'Steel in the Ground': Greening the Grid with the iUtility
47 Pages Posted: 11 Feb 2010
Date Written: February 15, 2010
As the United States addresses climate change through carbon reduction strategies, it must focus on the two major parts of our energy portfolio - oil and electricity. Electricity is a central focus because over one-half of all electricity generated is derived from coal-burning power plants, which are notoriously dirty. Other cleaner and renewable sources of electricity, such as wind and solar power, are available. However, over the last hundred years, the electricity industry has been constructed to serve large-scale, centralized and capital-intensive coal and nuclear plants.
There are good economic reasons for building large power plants. Economies of scale can keep consumer costs down as well as reap profits for utility shareholders. Unfortunately, large coal plants also produce the carbon dioxide that contributes to global warming. A further misfortune is that the infrastructure for transmitting and distributing large scale electricity favors precisely those coal plants that have become problematic. In short, any climate change strategy must reform the electricity infrastructure so that more environmentally sensitive resources can come online and contribute to our nation's electricity needs.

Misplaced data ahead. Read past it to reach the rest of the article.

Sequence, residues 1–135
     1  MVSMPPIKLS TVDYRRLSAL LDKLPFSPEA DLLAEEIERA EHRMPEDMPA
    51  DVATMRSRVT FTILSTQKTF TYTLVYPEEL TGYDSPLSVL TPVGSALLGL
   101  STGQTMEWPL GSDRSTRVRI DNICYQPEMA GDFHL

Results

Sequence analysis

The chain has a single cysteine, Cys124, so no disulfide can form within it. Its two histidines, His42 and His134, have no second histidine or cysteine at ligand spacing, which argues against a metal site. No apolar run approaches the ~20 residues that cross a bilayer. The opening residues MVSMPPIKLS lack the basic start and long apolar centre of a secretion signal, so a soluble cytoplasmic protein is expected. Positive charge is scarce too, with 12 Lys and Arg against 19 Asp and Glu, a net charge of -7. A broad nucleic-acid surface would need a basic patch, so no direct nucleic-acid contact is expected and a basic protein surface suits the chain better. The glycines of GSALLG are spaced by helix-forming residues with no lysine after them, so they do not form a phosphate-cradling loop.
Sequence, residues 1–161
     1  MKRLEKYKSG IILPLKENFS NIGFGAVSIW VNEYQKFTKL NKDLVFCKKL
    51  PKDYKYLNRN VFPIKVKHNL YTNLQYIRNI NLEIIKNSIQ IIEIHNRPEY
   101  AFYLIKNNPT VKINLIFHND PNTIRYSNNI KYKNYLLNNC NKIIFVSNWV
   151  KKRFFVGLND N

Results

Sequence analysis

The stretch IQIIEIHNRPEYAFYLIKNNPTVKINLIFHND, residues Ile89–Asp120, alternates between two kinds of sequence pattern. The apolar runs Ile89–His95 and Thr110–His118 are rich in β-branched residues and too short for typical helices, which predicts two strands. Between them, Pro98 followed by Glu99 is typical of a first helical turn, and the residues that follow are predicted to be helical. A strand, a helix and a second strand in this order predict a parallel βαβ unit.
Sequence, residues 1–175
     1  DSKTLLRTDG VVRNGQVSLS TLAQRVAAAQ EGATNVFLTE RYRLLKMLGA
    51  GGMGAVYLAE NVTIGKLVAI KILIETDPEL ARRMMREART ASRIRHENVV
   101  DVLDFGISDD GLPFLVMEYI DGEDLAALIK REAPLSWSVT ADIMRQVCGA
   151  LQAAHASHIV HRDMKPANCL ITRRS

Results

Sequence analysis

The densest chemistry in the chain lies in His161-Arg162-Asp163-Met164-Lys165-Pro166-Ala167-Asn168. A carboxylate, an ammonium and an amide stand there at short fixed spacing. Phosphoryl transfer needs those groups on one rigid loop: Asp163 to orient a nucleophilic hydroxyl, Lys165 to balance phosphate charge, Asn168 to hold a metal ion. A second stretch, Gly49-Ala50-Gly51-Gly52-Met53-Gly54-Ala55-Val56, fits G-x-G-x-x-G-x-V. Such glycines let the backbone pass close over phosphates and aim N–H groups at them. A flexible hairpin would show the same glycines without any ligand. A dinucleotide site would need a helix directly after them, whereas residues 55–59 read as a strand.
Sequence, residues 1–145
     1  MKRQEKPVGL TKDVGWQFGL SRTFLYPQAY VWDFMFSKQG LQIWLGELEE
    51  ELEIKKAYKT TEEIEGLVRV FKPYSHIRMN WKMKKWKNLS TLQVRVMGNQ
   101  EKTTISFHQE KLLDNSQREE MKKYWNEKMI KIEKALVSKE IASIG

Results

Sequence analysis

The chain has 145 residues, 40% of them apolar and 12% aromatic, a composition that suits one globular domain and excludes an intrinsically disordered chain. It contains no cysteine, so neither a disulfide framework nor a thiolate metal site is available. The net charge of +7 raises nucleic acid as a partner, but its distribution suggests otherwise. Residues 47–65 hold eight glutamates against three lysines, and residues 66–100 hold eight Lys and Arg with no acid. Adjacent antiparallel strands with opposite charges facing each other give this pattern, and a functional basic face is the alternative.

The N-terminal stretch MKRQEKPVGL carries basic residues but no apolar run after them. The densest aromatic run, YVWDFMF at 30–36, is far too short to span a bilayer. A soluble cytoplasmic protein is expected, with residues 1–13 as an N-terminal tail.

The green electricity grid, then, plays an important role in refashioning our energy future. The green grid can increase our use of clean and renewable resources, reduce carbon emissions, increase the use of smart technologies, and contribute to energy security. In order to achieve these goals, the electricity industry and its regulation must be changed significantly, as this Article advocates. Further, the Article argues that the new regulation of the electricity industry can become the model for the next generation of government regulation more generally as the old style of command and control regulation gives way to technological innovation and new forms of shared governance among industry and its consumers, as well as regulators.
Keywords: climate change, energy, regulation
JEL Classification: K23, K29, K32, K39
Suggested Citation: Suggested Citation